The next item I'd like to work on is replace this screen with a graphic, maybe even a movie. So again I need to do a little bit of hunting as to which of these textures represent that screen. Just from the colors, the darker gray is probably the speakers here on the left and right and this lighter gray is probably the screen. The person who created this model chose a neutral gray to start with, to simulate the screen being turned off. I'm going to replace this with my own graphic. Now, since computer monitors and TVs actually project light, I'm going to turn the natural color of this monitor basically off, I'll set it to black, and instead I'm going to go to the Illumination property for this monitor; what colors does this project other than just reflect the available light.
You can set a color or there is this little Folder icon to the right. It allows you to either create a New Texture in Photoshop or Load a Texture from an image or video you already have on your computer. I'm going to choose Load Texture. You can choose your own video or navigate inside the Source files provided with these Exercise Files. Open up movies. I want to pick the movie Clock. Click Open. I'll be given a warning about the pixel aspect ratio. This new document is using square pixels, that particular movie used non-square video pixels.
I'll go ahead and let Photoshop correct the difference between the two. And there is my video mapped into my 3D model in Photoshop. As soon as I click and drag, Photoshop employs a different rendering engine to make it more responsive. As soon as I let go, this is how the scene looks with the current lighting. Now, as I rotated this monitor, you might have noticed something odd, the video is also mapped onto the back of this particular monitor. That was an unfortunate choice by the person who created this model. They used the same texture, N08, for the back of this model as they did for the screen.
You cannot actually edit the 3D model geometry inside Photoshop, but you can turn layers on and off. I'll just turn off the back of the monitor and leave it at that, and I'll just make sure I see this primarily from the front angle inside After Effects. Now, you will be able to do your own camera move on this object later on inside After Effects. However, you cannot use lighting from After Effects. You need to decide on all of your lighting inside Photoshop. And you'll see down here we have a couple of lights already selected for this layer.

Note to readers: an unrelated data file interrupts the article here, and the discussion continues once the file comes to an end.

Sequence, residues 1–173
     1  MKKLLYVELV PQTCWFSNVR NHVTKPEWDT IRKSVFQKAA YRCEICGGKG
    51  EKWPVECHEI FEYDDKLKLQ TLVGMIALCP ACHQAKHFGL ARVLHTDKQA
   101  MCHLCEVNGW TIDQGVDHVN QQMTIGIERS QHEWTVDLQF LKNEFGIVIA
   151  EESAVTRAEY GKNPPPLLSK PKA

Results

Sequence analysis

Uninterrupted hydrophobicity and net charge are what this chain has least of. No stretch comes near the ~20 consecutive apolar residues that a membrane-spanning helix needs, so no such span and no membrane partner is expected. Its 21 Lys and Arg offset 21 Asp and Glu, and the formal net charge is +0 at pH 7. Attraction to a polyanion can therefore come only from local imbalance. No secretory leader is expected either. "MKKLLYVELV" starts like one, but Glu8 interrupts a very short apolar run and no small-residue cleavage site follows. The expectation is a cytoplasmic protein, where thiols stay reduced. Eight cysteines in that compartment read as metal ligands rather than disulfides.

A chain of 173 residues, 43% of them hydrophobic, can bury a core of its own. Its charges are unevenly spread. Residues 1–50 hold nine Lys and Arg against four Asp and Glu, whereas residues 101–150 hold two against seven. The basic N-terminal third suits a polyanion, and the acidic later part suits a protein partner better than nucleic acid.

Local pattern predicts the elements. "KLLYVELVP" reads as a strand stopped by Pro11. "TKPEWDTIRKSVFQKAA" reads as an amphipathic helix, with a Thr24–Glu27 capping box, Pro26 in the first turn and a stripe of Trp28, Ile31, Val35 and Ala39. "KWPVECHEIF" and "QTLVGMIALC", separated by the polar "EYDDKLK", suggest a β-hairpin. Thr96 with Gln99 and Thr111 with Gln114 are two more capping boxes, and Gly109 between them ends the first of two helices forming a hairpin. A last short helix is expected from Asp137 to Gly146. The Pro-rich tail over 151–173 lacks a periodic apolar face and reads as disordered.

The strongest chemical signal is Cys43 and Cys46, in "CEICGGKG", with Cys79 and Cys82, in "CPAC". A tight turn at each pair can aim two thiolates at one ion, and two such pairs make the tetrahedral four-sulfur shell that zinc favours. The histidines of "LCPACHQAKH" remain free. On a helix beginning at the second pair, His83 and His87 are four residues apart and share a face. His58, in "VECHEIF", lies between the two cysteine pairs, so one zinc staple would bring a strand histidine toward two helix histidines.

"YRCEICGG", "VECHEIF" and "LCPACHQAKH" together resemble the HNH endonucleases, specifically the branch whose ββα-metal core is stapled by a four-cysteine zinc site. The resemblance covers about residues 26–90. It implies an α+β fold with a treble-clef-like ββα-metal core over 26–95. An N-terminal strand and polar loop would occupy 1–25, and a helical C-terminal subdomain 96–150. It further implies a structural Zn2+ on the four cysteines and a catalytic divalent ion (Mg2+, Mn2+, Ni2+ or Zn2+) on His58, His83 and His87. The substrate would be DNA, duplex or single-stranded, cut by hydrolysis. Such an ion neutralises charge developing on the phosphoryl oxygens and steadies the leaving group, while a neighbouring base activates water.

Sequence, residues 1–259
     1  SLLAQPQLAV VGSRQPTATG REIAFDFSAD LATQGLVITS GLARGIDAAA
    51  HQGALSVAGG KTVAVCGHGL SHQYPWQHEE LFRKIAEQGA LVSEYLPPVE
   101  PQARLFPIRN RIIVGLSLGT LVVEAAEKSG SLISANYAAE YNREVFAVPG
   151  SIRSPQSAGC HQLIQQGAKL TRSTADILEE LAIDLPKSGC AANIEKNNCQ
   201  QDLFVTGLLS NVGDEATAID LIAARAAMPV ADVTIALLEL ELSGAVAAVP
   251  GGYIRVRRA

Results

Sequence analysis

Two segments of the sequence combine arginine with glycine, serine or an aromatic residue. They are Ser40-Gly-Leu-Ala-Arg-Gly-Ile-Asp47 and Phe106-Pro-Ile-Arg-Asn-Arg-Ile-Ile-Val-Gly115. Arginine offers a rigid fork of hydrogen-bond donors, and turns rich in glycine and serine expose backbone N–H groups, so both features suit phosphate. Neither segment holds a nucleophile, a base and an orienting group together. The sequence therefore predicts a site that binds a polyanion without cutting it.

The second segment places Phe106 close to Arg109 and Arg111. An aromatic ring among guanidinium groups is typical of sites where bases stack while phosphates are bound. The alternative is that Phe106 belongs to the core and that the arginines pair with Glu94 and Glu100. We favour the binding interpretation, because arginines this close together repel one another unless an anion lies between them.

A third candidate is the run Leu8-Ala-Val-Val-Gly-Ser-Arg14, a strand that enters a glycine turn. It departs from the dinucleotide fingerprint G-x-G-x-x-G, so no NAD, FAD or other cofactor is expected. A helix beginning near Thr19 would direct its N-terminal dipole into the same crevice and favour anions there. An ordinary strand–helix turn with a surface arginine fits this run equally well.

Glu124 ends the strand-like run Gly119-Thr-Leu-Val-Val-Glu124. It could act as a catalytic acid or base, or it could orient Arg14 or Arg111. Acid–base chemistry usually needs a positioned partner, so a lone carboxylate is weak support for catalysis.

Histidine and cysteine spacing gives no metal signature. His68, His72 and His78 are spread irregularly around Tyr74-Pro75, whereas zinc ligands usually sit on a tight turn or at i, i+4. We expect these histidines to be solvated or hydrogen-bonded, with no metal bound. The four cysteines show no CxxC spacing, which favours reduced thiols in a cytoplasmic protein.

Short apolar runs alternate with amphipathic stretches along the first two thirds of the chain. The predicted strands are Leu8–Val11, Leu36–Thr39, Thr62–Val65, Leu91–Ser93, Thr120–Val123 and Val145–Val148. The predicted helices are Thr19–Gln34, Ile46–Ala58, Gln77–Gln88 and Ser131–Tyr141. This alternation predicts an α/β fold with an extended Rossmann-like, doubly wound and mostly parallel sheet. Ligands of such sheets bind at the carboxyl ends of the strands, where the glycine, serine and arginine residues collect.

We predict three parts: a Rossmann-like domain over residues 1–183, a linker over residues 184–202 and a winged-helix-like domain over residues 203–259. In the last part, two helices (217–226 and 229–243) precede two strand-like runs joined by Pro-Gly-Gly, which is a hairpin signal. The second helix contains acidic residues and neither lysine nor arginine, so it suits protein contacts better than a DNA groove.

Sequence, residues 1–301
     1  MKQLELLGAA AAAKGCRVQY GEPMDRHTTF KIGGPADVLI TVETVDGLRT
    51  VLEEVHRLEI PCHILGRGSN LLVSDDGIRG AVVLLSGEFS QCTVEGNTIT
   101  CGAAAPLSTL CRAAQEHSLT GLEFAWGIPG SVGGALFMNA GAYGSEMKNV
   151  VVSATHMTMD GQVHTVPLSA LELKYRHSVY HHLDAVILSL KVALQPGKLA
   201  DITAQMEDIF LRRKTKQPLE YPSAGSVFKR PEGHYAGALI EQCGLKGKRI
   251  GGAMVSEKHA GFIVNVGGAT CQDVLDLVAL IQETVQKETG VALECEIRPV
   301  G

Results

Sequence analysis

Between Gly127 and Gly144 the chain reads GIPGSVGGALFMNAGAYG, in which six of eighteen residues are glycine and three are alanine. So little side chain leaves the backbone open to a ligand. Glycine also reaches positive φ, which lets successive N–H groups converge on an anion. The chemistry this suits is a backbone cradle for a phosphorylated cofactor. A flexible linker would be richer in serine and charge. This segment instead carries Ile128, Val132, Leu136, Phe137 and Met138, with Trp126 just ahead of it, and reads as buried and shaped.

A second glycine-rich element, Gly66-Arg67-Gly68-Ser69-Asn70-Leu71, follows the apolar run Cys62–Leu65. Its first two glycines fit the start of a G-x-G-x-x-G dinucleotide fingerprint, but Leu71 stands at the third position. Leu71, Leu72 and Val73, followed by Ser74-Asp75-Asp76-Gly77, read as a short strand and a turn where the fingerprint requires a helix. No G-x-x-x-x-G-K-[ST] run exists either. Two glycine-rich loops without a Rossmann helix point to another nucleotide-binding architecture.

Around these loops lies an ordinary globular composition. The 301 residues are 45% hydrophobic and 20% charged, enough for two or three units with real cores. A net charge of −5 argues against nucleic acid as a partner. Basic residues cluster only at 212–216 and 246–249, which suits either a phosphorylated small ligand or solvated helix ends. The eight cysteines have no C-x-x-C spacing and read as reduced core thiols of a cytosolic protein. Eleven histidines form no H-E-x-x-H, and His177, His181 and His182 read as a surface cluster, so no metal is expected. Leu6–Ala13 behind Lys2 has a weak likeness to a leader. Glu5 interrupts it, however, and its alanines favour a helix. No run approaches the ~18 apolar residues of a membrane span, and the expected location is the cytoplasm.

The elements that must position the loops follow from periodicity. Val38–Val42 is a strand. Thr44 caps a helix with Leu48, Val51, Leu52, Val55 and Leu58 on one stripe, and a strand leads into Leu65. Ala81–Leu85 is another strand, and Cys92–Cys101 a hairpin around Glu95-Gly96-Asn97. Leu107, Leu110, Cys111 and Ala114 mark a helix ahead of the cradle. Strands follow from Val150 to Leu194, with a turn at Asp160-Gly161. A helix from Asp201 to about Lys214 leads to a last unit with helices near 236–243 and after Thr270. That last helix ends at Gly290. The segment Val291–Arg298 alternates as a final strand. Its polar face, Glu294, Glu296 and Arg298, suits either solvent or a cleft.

You can go ahead and edit Color, Intensity, and other parameters of the light, or pick among some Preset lighting that Adobe has provided. For example, Dawn is a warm Preset. You see this purple color. Day Lights are a bit more neutral. Fire is colorized red. Mardi Gras is -- well, I don't know how to describe that to be honest, and other options. I'll go ahead and go back to the Default Lights for now. Now, there is one more very important parameter you have to be aware of, and that is your Rendering Quality. Select the scene.
This is the container for the entire model. Then look at the bottom part of the 3D panel for Render Settings. You have some options for how this is rendered. For example, things such as Wireframe can create a very customized Illustrator sort of look. Indeed, Shaded Illustration is also kind of cool. It combines a Wireframe with the colors. But I'll go ahead and leave this at the default for now. Secondly, there's Quality. Photoshop defaults to Interactive mode, because that's basically the fastest and most responsive. However, you'll see the price here is a lot of aliasing, where you get a lot of jaggy lines.
For rendering inside After Effects you will want to use Ray Traced Draft. That will get rid of a lot of these aliased jaggy lines; you see how they smooth up there, and give you a better appearance at the expense of more rendering time. There is another option in here called Ray Traced Final, that's what you want to use for print, but it takes forever to render inside Affect Effects on every single frame. So stay away from this one when you plan to import them all into After Effects. By the way, the namings of these have changed a little bit between versions of Photoshop, just remember you want the middle one.
Now that you've set up your scene, all you need to do is save it as a Photoshop file. So I'll select Save, choose where I want to put this, perhaps in my 3D folder. I'll call this MyTV. Make sure we save as layers, Photoshop Format, and click Save. Go ahead and leave these Format options at their defaults, click OK, and now you're ready to go into After Effects.